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Don't be Surprised by Suffering


The first thing Peter tells us is that we shouldn’t be “surprised” by suffering. Continue reading . . .

The first thing Peter tells us is that we shouldn’t be “surprised” by suffering. Here is how he put it in 1 Peter 4:12-19.

Beloved, do not be surprised at the fiery trial when it comes upon you to test you, as though something strange were happening to you. But rejoice insofar as you share Christ's sufferings, that you may also rejoice and be glad when his glory is revealed. If you are insulted for the name of Christ, you are blessed, because the Spirit of glory and of God rests upon you. But let none of you suffer as a murderer or a thief or an evildoer or as a meddler. Yet if anyone suffers as a Christian, let him not be ashamed, but let him glorify God in that name. For it is time for judgment to begin at the household of God; and if it begins with us, what will be the outcome for those who do not obey the gospel of God? And “If the righteous is scarcely saved, what will become of the ungodly and the sinner?” Therefore let those who suffer according to God's will entrust their souls to a faithful Creator while doing good” (1 Peter 4:12-19).

In other words, if you are going to respond properly to suffering and even learn to grow from it and deepen in your relationship with Christ, you have to develop a solid and Scriptural theology of what suffering is all about. Suffering, says Peter, is normal! It is standard fare for the believer. It is to be expected.

Remember: Peter is writing to a predominantly Gentile audience who would have experienced little if any suffering prior to coming to faith in Christ. Unlike a Jewish believer who knew a lot about suffering and oppression, Gentile Christians would have regarded suffering as a strange and inexplicable misfortune, wholly out of place and inconsistent with the promises and blessings of the gospel.

But if that is true, what is the point of it all? Why does God orchestrate my life in such a way that I have to endure the insults and abuse of unbelievers? It is, says Peter, “to test” us (v. 2b; see 1 Peter 1:6-7. See Psalm 66:10; Mal. 3:1-4).

Here is the NIV rendering of v. 12 – “Dear friends, do not be surprised at the painful trial you are suffering, as though something strange were happening to you.” The purpose clause “to test you” is completely left out and thus fails to communicate why Christians should not be astonished or embittered with suffering.

Suffering is “not a sign of God’s absence, but of his purifying presence” (Tom Schreiner, 219)! Suffering for Christ in some form or degree is essential to the formation of Christian character.

Suffering is not an imperative. It is an indicative. We are not told to seek it or pursue it. We are simply told that it is a given.

It’s critically important that you not react with surprise when either you suffer or you hear of someone else who has. If you do not grasp this truth, your instinctive response will be to shake an angry fist in God’s face and scream out: “Where were you when that missionary in Liberia died of Ebola trying to help those who are afflicted with it? Where were you when that godly Christian man lost his job because he refused his employer’s order to cover up an illegal transaction? Don’t you care? Didn’t you see this coming?”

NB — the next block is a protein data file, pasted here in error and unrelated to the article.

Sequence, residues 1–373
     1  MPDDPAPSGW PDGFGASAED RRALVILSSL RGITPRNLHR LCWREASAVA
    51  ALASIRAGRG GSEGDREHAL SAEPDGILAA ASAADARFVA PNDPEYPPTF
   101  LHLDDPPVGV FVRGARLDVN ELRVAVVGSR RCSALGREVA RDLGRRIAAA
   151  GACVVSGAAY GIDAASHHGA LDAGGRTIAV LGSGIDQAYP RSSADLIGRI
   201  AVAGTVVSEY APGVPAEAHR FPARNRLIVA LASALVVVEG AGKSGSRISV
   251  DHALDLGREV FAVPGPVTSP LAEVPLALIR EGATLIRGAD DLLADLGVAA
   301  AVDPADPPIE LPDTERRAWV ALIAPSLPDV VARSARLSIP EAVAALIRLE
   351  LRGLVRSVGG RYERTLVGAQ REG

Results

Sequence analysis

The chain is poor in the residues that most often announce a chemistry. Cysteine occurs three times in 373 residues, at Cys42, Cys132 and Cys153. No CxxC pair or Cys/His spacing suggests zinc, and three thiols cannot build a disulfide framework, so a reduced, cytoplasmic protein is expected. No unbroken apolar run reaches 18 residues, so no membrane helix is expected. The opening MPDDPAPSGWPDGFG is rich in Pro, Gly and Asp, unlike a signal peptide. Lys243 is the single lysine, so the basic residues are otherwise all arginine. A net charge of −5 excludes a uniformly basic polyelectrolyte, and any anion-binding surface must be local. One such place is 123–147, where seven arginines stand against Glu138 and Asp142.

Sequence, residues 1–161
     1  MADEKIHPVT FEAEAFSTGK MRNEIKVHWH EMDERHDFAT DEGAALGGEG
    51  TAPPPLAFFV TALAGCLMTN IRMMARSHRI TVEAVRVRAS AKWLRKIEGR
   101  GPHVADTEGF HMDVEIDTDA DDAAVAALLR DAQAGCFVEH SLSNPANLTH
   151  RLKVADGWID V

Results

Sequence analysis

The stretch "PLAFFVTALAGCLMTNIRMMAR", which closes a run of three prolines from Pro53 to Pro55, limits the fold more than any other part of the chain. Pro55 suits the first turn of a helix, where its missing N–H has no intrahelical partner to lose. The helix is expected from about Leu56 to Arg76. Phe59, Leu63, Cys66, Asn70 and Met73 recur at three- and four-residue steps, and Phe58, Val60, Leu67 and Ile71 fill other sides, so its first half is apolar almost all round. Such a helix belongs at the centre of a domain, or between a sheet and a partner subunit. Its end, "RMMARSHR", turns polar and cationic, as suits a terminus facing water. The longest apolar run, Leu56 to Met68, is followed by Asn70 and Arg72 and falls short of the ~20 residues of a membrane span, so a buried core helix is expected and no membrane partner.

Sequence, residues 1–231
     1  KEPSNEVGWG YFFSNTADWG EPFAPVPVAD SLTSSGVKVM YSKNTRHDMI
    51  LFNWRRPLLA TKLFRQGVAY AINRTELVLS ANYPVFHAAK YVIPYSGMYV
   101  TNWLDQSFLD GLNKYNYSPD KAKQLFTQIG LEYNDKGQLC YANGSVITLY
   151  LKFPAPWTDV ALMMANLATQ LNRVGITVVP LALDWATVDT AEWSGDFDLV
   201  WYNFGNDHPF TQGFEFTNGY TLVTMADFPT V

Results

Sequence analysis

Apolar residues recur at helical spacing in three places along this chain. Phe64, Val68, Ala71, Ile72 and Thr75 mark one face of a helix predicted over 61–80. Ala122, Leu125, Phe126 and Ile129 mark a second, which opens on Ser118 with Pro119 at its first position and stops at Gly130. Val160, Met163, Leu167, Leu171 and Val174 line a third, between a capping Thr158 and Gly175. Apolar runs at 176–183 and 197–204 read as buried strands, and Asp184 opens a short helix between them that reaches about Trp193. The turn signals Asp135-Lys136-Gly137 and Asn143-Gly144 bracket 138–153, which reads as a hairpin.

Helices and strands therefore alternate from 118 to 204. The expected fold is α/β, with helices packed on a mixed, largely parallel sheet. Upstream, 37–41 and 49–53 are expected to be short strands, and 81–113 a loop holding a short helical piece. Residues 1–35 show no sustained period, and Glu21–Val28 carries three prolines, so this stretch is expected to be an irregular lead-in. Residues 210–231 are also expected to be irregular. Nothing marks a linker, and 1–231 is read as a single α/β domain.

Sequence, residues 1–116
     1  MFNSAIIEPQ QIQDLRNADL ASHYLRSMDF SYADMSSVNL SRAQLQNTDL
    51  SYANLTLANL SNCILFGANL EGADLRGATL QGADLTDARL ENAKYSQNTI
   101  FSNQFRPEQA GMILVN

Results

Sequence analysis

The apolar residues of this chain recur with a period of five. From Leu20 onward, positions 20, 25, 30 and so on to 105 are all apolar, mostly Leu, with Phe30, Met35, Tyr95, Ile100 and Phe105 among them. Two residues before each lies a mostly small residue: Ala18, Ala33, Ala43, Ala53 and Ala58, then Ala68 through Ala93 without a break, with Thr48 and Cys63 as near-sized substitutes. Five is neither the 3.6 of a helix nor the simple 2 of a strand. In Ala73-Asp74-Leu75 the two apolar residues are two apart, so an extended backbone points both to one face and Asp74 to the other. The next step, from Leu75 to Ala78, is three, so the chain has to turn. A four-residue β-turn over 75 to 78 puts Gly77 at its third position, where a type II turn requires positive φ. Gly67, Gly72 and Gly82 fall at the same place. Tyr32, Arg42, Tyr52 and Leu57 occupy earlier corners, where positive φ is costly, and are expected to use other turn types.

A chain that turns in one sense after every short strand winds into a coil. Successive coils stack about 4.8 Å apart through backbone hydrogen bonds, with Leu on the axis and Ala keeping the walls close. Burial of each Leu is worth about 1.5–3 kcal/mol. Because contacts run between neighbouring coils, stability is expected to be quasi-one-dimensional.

By all means weep with those who weep. By all means experience righteous anger at those who unjustly oppress Christian men and women. But don’t let the onset of suffering, no matter how intense or prolonged it may be, throw you into confusion or doubt or shock or uncertainty about the goodness of God.

People often ask me what practical benefit there is in affirming and believing in the absolute sovereignty of God over all of life. That’s it!

To be continued . . .


"Why does God orchestrate my life in such a way that I have to endure the insults and abuse of unbelievers? "
and love too 2 Thess1 3 -12.. always give thanks to God for you, brethren, as is only fitting, because your faith is greatly enlarged, and the love of each one of you toward one another grows ever greater; therefore, we ourselves speak proudly of you among the churches of God for your perseverance and faith in the midst of all your persecutions and afflictions which you endure. This is a plain indication of God’s righteous judgment so that you will be considered worthy of the kingdom of God, for which indeed you are suffering. For after all it is only just for God to repay with affliction those who afflict you, and to give relief to you who are afflicted and to us as well when the Lord Jesus will be revealed from heaven with His mighty angels in flaming fire, dealing out retribution to those who do not know God and to those who do not obey the gospel of our Lord Jesus. These will pay the penalty of eternal destruction, away from the presence of the Lord and from the glory of His power, when He comes to be glorified in His saints on that day, and to be marveled at among all who have believed—for our testimony to you was believed. To this end also we pray for you always, that our God will count you worthy of your calling, and fulfill every desire for goodness and the work of faith with power, so that the name of our Lord Jesus will be glorified in you, and you in Him, according to the grace of our God and the Lord Jesus Christ.

When life seems to be spinning out of control, the biblical truths of God's kind intent in our suffering and his provision of his strength to persevere become real and his beauty and glory are seen. Not to us O Lord, not to us, but to thy name be the glory!

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